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Rage Quit and Hit It

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Get your blue blockers here! Yes, you heard correctly! goodr sunglasses now sells blue blocker sunglasses. The new line, launched as a part of our new vertical GAME goodr, features five shades with Blue Mirage err... blue light blocking technology. Allegedly, blue light is bad for your eyes, your sleep, your digestive tract (we may have made that up), and a plethora of other things that have yet to be discovered. And allegedly, these shades will solve all your problems and help you live forever. Step right up, folks! Give ‘em a try! Can you afford not to?!?!?! Wait, that’s a silly question because the price of these range from $25 to $35. We’ve made this miracle blue blocking eyewear technology as affordable as it gets!



The answer is a resounding: NO! Not only do we believe a pair of our goodr blue light blocking sunglasses are the best blue light glasses of 2020. They’re spectacular for gaming. Nintendo, Playstation, iPhone, computer, heck maybe you’re still playing Snake on one of those old Nokia bricks… we don’t care what you’re gaming on or where, if there is a screen, you’re going to want these blue blocker glasses to protect your eyes and filter out the stuff you don't want with their fancy lenses. If the last 182 words didn’t convince you, we’re pretty sure that this breakdown on what the F blue light blocking glasses are will take you home.



We’re going to answer this question with a question… Do you think staring at a screen all day is bad?! Is there anything natural about staring at a screen all day? No. So, it probably is not the greatest thing for you. Our glowing screens of death that we use for hours a day x 365 days a year are causing digital eye strain and blue light exposure. Fact. These are the two areas that doctors and researchers are directing their attention to. The American Optometric Association calls it “Computer Vision Syndrome.” Ever feel blurry vision, dry eyes, headache, or neck pain after 8 hours full of Zoom meetings or an all-nighter trying to beat the latest version of Grand Theft Auto? Yep, this group of eye issues could be from prolonged computer, tablet, e-reader, and cell phone use.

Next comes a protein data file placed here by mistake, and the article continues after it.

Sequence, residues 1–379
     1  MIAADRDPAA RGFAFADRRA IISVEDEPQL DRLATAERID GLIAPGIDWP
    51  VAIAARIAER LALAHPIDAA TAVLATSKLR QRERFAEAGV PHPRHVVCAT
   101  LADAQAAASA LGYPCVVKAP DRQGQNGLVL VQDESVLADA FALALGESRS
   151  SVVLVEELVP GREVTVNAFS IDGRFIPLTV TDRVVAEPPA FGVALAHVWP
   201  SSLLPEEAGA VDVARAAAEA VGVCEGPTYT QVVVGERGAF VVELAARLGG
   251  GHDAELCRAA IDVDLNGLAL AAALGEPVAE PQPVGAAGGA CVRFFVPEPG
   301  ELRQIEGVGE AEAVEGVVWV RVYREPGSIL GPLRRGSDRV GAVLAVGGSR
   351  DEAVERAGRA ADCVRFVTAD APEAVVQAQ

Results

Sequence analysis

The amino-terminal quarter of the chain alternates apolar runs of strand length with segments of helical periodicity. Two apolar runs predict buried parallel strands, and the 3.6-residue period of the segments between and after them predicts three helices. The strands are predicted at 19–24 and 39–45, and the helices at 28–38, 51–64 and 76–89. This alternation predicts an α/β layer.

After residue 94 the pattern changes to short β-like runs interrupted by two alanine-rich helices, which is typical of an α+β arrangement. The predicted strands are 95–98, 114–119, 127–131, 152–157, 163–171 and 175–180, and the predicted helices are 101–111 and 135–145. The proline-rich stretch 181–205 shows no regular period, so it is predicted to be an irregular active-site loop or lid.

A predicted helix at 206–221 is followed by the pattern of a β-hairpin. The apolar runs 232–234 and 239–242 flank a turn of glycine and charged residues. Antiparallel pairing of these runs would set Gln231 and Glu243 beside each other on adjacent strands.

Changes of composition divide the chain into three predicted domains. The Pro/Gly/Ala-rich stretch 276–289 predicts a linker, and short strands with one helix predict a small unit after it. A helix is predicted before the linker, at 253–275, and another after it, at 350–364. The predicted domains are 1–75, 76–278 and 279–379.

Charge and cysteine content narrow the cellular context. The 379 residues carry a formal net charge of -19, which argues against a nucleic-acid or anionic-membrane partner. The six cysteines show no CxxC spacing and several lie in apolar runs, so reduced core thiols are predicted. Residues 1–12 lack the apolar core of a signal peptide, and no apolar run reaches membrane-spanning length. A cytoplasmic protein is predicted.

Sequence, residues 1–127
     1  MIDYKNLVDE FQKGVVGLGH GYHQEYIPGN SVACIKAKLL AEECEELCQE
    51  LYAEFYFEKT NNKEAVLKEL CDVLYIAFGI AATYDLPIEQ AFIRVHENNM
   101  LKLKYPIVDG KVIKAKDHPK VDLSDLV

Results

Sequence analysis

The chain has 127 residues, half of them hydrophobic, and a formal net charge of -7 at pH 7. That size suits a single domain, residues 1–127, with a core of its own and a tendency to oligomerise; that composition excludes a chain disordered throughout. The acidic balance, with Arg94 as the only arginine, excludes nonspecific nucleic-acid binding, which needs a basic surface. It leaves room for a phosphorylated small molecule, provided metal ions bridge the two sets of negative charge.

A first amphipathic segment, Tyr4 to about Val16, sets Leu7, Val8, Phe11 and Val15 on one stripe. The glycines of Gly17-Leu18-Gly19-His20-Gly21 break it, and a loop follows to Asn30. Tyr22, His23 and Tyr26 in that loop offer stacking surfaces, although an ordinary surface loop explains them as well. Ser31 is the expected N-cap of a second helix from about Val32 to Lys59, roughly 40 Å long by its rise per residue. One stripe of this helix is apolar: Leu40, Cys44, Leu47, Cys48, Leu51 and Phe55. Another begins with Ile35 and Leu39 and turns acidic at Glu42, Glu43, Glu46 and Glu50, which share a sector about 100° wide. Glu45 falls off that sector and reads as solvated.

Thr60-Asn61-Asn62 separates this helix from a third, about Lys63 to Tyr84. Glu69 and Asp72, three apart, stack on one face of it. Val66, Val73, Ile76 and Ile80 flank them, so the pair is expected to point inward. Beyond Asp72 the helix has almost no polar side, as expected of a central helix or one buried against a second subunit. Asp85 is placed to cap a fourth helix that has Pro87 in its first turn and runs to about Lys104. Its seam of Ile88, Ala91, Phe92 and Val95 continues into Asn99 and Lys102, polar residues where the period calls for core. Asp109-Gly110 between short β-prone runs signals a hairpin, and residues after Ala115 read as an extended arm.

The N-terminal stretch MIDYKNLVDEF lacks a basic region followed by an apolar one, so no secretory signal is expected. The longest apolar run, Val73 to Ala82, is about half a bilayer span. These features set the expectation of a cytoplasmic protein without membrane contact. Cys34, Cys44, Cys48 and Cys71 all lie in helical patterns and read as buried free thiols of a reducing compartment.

The increased amount of screen-gazing, America’s new form of stargazing (sadly… please, we’re begging you, don’t stop stargazing!) also exposes us to dreaded blue light waves. Nope, not Bud Light, b-l-u-e light. The scientists can’t get on the same page with how blue light exposure affects your eyes, but it’s been said to cause multiple issues. Primarily, researchers and doctors can agree that it wreaks havoc on your circadian rhythm.

This is how GAME goodr likes to think of it: When you’re deep into your game, and you have the option to hit “save,” do you? Heck yes you do! Because even though you’re a baller gamer, it’s better to be safe than sorry, right? You could die a bloody death around the next turn you take, but at least you will be able to go back to the spot you hit save at. The same applies to blue blockers. If your eyes are important to you, then you should be doing your best to keep them safe. Hit save people!



Remember ROYGBIV? Yeah… blue light is the B in that very long acronym. Come on, people, 7th-grade science class. Get with the program. Humans see the rainbow (and if you’re eating Skittles right now, you might even be able to taste it too). The spectrum of visible light goes from red to violet. The blue light is said to generate an awake and upbeat feeling. AKA not ideal for right before bed… hence why you really should be wearing blue blocking glasses if you’re tryin’ ta Netflix n’ chill.


The answer to this question will either make you go, “duh,” or “shit, that’s cray.” All visible light sources give off blue light waves! The sun, touchscreens, even a basic ass light bulb. This means that we’re hit with plenty of blue daily, but once the moon rises, we’re continuing to be exposed thanks to all of the artificial sources surrounding us.